As designers, there are a lot of unknown factors we need to consider when deciding what to pump through the controller speaker. Listening environments vary greatly and sometimes the noise of a child crying, a dishwasher running, or a friend yammering endlessly about how awesome they are can completely overshadow the sounds coming through the controller speaker. Furthermore, users can adjust the speaker volume in the system menu, and while there are now ways to query that volume and ideally use that information to determine whether to route a sound through the controller speaker or the main mix, it bears considering that sounds you want to emanate from the controller speaker may not be heard by the player. For this reason, I recommend not using it for any critical sounds that the player absolutely must hear. Whether or not you follow this advice, always design a contingency plan for any controller sounds you want to ensure the player hears. If they're using headphones, if the controller is turned down, etc. In a perfect world, the PS4 would know via its HDMI connection what the audio setup of the user currently is (headphones, stereo, 5.1, etc.), and with a microphone attached to the system, we could be sampling the ambient noise of the room and adjusting the mix dynamically as Rob Bridgett suggested in his recent GDC talk on adaptive loudness. If these two concepts were achieved, the engine could determine when to send your controller sounds to the controller speaker and when they need to be diverted to the main mix instead. But until we get there, have a plan in place for controller sounds the user must absolutely hear.
The speaker controller is a fun tool and can really add an extra level of immersion beyond the normal mix. We received a lot of positive feedback for our use of it in inFAMOUS Second Son: from the ball shakes of the graffiti can to the way we used it for draining powers (the drain sound started at the source of the power in the world and slowly moved into the controller speaker as Delsin absorbed the power), and there's tons of other developers out there doing neat stuff with it. I loved how Transistor played the narrator's voice through it (only if you select to use the speaker in the options menu), but still sent the reverb sends to the main mix. It created a fantastic sense of your sword intimately talking to you, but still being in the world (and by only having the dry mix go through either the mains or the controller they avoided the sync issues of sending the VO through both). The Last of Us Remaster did a similar feature with their audio logs. Shadow of Mordor had a great example of a first person notification in playing a bush rustle sound whenever the player would enter high grass. It helped communicate to the player that they were in cover using an in-world sound rather than a possibly-immersion-breaking UI sound. The bush rustle sound also brings up one last point: while it is a decent quality speaker, it's still a small speaker in a plastic housing, best to keep it relegated primarily to mid and higher frequencies.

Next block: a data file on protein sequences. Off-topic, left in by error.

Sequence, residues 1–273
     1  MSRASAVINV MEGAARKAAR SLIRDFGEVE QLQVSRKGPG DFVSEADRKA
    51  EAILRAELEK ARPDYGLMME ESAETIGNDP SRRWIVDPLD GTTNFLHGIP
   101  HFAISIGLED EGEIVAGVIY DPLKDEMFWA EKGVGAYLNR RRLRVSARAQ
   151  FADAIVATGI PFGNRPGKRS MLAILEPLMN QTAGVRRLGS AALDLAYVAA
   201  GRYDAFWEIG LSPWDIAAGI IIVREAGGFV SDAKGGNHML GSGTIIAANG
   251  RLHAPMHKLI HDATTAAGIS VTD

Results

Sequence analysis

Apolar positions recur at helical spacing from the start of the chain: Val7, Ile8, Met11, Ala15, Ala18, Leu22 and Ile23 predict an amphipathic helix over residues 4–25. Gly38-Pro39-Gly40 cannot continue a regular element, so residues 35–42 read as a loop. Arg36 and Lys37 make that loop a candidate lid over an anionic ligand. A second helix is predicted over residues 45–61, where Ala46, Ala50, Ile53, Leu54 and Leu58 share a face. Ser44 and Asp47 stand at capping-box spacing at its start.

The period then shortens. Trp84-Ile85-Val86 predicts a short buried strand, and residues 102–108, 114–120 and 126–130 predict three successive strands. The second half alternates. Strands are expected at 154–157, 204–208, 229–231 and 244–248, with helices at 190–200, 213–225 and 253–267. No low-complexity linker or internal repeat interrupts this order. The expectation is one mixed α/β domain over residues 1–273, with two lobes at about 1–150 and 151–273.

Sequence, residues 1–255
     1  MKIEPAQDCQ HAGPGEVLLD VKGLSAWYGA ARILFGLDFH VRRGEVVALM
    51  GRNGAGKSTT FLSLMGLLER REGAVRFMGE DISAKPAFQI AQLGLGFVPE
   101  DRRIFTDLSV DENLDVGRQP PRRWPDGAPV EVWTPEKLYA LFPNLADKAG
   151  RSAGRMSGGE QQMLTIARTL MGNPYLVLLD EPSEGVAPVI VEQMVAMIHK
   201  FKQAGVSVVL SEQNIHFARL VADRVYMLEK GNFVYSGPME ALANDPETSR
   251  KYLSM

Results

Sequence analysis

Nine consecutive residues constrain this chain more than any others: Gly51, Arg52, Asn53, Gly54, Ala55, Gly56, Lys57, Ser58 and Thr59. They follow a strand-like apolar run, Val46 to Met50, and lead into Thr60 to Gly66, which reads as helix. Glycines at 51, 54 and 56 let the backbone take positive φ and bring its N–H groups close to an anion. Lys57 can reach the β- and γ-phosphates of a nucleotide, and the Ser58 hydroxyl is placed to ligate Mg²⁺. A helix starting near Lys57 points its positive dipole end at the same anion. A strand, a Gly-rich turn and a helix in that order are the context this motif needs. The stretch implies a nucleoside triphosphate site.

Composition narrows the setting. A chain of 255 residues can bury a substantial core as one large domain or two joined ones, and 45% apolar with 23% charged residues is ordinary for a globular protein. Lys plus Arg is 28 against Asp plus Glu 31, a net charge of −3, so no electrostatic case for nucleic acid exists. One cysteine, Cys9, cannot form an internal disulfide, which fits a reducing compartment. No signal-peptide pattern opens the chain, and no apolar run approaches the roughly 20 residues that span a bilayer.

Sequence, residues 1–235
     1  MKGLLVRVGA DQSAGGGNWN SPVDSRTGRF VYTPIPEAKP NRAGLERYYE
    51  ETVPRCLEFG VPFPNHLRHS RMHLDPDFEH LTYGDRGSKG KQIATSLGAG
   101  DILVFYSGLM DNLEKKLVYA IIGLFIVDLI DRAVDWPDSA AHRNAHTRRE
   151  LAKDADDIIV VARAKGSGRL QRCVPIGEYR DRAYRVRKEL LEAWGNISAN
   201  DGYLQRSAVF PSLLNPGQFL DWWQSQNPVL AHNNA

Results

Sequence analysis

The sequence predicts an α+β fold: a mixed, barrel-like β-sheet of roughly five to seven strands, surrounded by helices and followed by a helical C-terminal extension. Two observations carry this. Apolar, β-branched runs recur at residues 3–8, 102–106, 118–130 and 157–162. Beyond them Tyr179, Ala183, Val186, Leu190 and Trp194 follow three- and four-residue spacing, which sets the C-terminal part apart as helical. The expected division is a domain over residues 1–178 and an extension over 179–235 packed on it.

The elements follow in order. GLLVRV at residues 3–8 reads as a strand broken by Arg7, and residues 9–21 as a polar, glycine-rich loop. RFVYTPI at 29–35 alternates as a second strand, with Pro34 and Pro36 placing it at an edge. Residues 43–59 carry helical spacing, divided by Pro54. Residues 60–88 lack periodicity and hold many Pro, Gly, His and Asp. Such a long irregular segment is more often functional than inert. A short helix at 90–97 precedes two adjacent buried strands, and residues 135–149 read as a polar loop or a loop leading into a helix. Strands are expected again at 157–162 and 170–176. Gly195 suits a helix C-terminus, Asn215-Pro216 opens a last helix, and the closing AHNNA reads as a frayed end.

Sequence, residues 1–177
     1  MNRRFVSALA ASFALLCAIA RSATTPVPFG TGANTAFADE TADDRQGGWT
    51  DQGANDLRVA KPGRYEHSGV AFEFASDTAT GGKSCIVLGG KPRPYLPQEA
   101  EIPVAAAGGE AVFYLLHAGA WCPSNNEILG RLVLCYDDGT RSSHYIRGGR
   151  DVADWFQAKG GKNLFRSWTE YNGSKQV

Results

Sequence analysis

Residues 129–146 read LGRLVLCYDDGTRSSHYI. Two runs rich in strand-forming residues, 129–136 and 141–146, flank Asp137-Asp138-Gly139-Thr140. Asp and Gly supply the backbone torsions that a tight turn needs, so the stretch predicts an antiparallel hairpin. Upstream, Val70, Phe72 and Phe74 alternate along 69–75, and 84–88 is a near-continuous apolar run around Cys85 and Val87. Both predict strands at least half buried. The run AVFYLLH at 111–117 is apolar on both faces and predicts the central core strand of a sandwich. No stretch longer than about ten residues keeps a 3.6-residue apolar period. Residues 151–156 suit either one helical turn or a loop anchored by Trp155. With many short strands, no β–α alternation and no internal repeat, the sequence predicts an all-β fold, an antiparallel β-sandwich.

Perhaps we need to give the speaker controller a fancy acronym akin to LFE to help explain its best uses, something like Personal Mid-to-High-Frequency Effect (PMtHFE). Although that's more syllables than "speaker controller," so let's just remember to use it wisely.